A Brief History Of Seven Killings by Marlon James

I haven’t been so relieved to finish a book in a very long time. Not that it’s badly written, or even that it’s dull, just that it’s so unrelentingly violent and dismal that I could not, in any of my other entertainments, even approach anything destructive (so, goodbye, playing Witcher 3 or watching True Detective for the duration.) There are things I enjoyed about A Brief History Of Seven Killings (to which also, “brief” my ass.) Nina’s storyline was painfully familiar to me both as an elder sibling and as an immigrant in self-imposed exile. The patois was a lot of fun to read: haven’t enjoyed that kind of immersive conversational writing since, jeez, probably a Roddy Doyle novel. And I learned a lot more about Bob Marley and Jamaica’s history in the late 20th century than I’d known before. But I will never read this book again, and hesitate to recommend it even, Booker win notwithstanding. I’ll excerpt from my conversation with the bff why:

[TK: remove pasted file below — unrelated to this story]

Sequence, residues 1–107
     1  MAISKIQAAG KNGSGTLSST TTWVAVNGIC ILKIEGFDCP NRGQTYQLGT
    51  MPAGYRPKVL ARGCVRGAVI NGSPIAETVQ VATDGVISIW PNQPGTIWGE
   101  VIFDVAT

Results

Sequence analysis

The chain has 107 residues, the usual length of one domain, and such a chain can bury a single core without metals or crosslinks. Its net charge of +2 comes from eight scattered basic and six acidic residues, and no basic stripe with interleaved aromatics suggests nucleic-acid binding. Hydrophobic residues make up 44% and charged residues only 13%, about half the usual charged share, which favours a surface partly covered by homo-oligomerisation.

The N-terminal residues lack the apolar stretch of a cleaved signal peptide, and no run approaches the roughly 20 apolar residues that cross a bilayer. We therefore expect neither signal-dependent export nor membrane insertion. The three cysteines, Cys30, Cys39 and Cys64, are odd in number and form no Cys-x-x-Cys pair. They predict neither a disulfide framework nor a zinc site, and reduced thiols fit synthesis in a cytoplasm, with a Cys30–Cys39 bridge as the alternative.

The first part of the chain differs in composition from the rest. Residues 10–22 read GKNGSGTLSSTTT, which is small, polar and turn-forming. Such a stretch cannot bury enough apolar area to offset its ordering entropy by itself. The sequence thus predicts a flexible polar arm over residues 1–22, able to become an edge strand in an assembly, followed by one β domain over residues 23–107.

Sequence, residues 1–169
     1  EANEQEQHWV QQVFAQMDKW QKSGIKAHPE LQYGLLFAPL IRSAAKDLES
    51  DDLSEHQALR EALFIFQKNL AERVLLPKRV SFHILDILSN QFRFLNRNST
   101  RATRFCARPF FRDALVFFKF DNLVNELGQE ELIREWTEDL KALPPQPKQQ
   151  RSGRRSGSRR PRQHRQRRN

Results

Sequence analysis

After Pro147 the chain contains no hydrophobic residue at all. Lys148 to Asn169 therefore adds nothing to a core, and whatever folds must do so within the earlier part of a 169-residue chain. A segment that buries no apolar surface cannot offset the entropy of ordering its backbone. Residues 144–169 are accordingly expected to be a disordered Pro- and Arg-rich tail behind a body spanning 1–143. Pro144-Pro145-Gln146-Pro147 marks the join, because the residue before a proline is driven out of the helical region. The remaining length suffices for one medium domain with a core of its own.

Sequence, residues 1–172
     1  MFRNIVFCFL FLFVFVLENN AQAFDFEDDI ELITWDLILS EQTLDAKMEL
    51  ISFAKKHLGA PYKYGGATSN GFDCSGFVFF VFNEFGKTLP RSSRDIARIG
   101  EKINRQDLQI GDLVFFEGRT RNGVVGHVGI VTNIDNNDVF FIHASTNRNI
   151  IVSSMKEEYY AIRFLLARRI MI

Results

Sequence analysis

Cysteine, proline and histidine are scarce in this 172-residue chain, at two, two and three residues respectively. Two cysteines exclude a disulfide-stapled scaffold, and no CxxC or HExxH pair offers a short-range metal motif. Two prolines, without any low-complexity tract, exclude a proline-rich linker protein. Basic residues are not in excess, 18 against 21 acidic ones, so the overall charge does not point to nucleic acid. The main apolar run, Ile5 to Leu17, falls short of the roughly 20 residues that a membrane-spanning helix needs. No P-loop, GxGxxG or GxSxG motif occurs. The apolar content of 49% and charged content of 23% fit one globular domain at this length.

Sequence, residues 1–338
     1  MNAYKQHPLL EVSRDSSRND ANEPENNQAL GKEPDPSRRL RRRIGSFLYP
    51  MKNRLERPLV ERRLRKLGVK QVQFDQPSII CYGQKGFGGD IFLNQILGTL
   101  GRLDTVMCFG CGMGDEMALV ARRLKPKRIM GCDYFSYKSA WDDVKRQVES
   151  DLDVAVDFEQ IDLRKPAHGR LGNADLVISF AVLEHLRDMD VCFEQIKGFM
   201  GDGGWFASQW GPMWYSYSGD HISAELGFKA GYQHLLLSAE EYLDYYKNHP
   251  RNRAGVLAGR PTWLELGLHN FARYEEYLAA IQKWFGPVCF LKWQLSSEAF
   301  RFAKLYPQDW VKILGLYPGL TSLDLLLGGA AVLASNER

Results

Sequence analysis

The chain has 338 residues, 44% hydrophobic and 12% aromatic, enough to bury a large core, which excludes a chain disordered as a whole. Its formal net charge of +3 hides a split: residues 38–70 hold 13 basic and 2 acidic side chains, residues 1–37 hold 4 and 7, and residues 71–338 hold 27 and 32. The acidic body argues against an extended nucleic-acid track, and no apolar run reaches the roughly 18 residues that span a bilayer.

“Yeah, the book I’m reading is tiresomely violent: there are mass shootings, assassinations, drug deaths, beatings, very un-sexy sex. Which is all realistic but unrelentingly ugly, and I am fortunate that my everyday life has more room for happiness and beauty in it than the world depicted in the book. I’m going to be glad to finish it (hopefully today) then will likely take a break from books to read a fashion magazine before plunging back in to other’s, hopefully less depressing, imaginations. Idk, does that sound callous? I mean, I don’t want to dismiss the lived experiences of others but this book highlights the most brutal and sordid chapters of these people’s lives and it’s hard to digest all at once without cutting back on other sources of violence in order to retain some form of mental-emotional balance. I sympathize but would just as soon work towards no one having to live in that world rather than wallow in its filth and details.”

On an even more Doreen-is-a-bad-reader note, I freely admit that a lot of the voices tended to blend into each other for me. I had a hard time differentiating between the expendable shooters, as well as between the American officials/conspirators for too-long stretches of the book. ABHO7K is a challenging novel, and if that’s what you’re into, more power to you. But there were only so many permutations of violence, drugs and cheerless sex I could handle.

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  1. […] about this as a Booker prize winner, though I certainly enjoyed it more than last year’s a A Brief History Of Seven Killings. I wish I had time to look through the rest of the offerings on the shortlist, but I will say that […]

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